Inkspill Magazine bannerI’m so excited to learn that Inkspill Magazine are planning to publish my short story ‘Buttonmaker’ in their next issue. which is due out later this month. Yay!

Another of my stories, ‘On The Ledge’ will be published by Fiction 365 in a couple of months’ time, following in the footsteps of my tale ‘Rock Thoughts‘. I’ll keep you posted!

Imperceptible beasts

Borneo green viperWe meet outside the hotel after lunch, fortified and ready for our jungle walk. Marion, the Swiss girl, has only flipflops on her feet. Her ballet pumps had been so covered with bat and swiftlet guano at the Gomantong Caves that she’d had to throw them away.

Joseph, our diminutive guide, arrives wearing rubber boots.

“Will these be all right?” asks Marion, pointing to her feet.

He smiles, nods. “Yes, ok.”

Joseph leads the way across a field, up a steep track. The air is heavy, sweating with heat. Plants curl and twist all around, threatening to trip us.

Myne Resort jungle hikeFollowing Joseph, resting our faith on his knowledge of this corner of Borneo, we cross an insubstantial rope-and-plank bridge over ravine that may once have held a stream. We clamber up the uneven hillside as fast as we can, trying to match Joseph’s pace.

At last the lookout point comes into view and he gestures for us to climb the steps. In that moment we know it’s been worth it. Before us is spread the Kinabatangan River – a slick brown horseshoe surrounded by dense greenery where proboscis monkeys, stork-billed kingfishers, pygmy elephants live out their days. Here and there scarring can be seen in the landscape – signs of the encroaching palm oil industry’s approach.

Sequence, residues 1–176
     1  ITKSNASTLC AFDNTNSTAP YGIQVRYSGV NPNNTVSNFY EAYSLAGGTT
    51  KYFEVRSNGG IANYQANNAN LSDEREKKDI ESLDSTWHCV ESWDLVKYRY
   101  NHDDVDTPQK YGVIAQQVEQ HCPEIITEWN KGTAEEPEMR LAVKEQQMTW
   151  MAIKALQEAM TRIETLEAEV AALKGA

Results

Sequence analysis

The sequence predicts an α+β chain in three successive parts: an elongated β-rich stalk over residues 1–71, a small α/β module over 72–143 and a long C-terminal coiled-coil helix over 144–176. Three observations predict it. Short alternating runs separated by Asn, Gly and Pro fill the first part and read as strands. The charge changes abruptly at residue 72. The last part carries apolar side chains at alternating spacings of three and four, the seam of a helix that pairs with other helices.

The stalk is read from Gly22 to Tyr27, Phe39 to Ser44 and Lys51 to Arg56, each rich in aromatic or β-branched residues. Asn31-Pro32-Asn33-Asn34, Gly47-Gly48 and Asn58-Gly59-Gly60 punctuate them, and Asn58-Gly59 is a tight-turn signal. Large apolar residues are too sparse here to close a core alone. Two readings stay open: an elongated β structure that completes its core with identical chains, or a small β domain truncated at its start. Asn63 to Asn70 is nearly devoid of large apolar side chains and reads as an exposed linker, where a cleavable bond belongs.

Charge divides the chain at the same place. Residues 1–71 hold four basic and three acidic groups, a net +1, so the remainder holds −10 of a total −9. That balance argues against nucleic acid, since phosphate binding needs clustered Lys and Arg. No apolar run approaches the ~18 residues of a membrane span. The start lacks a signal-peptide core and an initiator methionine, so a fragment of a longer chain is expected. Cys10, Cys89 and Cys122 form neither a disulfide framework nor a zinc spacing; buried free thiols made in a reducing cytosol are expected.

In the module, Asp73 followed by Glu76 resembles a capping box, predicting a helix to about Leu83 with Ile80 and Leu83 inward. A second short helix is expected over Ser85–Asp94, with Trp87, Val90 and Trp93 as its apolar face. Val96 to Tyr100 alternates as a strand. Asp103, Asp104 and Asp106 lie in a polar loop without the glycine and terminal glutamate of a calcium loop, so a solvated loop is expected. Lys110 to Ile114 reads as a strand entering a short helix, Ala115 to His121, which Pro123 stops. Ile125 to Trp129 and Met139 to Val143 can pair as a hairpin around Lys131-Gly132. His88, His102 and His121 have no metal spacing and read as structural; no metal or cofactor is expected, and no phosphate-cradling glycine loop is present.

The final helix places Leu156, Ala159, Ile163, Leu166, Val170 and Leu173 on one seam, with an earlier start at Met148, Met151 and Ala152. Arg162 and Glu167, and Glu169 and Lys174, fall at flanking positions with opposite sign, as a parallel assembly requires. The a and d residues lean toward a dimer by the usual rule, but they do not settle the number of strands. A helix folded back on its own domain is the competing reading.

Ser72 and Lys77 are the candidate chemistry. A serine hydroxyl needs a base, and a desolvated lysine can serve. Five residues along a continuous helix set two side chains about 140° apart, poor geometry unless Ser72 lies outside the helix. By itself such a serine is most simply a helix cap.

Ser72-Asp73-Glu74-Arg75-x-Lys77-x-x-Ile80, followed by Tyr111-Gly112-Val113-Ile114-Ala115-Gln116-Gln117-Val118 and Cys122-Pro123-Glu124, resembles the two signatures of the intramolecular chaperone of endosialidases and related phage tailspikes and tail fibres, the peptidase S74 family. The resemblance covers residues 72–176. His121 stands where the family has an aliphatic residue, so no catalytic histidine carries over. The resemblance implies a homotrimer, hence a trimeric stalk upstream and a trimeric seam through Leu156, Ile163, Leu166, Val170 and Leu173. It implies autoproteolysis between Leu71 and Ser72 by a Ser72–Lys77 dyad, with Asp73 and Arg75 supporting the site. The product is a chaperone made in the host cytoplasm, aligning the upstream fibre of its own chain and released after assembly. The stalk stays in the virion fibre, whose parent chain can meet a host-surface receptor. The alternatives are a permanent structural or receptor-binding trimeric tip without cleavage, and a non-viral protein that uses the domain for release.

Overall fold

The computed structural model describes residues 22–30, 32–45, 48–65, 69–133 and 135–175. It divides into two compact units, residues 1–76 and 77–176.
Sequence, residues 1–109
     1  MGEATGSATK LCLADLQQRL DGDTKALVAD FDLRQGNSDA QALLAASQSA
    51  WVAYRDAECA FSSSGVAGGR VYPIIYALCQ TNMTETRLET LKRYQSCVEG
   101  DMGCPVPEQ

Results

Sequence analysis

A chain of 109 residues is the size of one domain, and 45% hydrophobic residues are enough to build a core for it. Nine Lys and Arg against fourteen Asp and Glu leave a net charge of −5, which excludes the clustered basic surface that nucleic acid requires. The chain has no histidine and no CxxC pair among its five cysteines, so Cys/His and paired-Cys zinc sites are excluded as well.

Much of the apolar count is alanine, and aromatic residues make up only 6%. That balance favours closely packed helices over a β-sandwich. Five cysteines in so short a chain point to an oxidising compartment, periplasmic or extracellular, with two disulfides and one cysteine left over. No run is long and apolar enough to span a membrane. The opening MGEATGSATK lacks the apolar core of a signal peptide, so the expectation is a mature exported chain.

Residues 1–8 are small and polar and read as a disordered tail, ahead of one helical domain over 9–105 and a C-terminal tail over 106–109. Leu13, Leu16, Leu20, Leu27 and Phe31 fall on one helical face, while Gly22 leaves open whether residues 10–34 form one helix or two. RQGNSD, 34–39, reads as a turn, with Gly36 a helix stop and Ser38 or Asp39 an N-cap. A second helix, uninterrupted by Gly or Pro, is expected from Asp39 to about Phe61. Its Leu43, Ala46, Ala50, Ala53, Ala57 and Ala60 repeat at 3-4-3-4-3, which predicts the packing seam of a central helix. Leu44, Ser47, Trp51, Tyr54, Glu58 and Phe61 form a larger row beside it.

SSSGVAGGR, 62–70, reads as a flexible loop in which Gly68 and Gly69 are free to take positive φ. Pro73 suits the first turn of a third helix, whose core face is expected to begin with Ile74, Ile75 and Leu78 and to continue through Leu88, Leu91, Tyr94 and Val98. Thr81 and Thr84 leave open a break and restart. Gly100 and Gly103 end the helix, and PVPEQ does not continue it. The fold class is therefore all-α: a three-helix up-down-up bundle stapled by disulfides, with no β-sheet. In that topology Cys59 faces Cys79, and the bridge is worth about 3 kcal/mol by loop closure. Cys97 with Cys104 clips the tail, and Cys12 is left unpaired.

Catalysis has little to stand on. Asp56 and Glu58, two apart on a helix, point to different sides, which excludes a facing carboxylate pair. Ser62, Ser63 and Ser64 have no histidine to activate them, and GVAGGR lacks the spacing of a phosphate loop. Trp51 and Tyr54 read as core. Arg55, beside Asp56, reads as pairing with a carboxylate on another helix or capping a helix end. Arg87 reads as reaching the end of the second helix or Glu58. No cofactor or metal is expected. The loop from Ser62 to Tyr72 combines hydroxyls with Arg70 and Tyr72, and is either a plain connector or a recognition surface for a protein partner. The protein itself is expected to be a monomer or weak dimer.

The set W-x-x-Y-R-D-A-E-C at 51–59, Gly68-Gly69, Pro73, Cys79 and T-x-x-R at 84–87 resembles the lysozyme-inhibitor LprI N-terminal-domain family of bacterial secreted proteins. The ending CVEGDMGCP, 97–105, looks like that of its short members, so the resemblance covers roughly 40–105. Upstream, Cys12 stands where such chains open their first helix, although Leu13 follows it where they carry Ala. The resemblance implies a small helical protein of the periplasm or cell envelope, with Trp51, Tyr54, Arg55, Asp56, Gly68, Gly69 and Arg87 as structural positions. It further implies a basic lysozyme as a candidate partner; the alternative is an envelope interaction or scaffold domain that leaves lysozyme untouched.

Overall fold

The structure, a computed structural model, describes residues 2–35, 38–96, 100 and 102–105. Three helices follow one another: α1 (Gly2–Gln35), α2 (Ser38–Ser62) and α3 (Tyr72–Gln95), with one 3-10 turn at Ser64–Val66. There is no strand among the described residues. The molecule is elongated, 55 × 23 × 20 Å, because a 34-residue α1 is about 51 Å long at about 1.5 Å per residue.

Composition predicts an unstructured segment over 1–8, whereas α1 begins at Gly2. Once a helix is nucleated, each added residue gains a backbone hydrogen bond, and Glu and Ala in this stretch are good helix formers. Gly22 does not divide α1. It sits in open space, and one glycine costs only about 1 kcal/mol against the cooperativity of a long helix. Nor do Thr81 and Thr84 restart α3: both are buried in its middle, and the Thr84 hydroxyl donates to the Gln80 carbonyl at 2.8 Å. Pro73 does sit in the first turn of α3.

The journey back down the hill is somehow more challenging than the ascent, as we struggle through ruts of mud, never daring to look out for wildlife in case we stumble, fell.

We reach the shores of the Kinabatangan, where Joseph suddenly halts, points. A vast lizard, a water monitor, slides into the river and disappears. He points again.

“What can you see?” whispers Brian, from Australia.

Joesph nods, smiles: “Yes, ok,” then grasps Brian’s hand sharply as he reaches forward, trying to figure out what Joseph’s spotted. Our eyes suddenly focus, revealing the vivid green viper wrapped around a branch. Invisible as all Borneo’s creatures seem to be, until, perhaps, you’re ready to see them.

Re-imagined creatures and cutlery

Barry Lewis hedge elephantA favourite artist of mine is the sculptor Barry Lewis, who takes found and junk-shop objects and transforms them into fabulous creatures, like this Hedge-elephant, which is smaller than an elephant, “in the same way a hedgehog is smaller than a hog.” Wonderful logic. This particular one could sit in your lap with ease.

Barry Lewis hedge elephantIf you happen upon one of his exhibitions (he turns up at Bedminster’s Grant Bradley Gallery relatively frequently, but visit Barry’s Facebook page to find out where he’ll be next), make sure you take the time to read the labels – many ring with a philosophical humour that will make the animals even more enticing,



Journalism jobs – ShortList seeks a staff writer

Quentin Tarantino cr Shortlist MediaFancy joining an intelligent, brain-stirring men’s magazine? ShortList is looking for a Staff Writer to join its team. This is an amazing opportunity for a sharp up-and-coming journalist with big ambitions!

Shortlist coverYou will need to have written for national magazines or newspapers, and show examples of an entertaining interview style, well-researched features, and a flair for witty copy.

An understanding of the ShortList brand is crucial to this role, and the successful candidate must be bursting with editorial ideas suitable for our readers of modern working men.

Please send your CV along with examples of your published work, and one pitch for a feature, to Editor, Martin Robinson at martin.robinson@shortlist.com.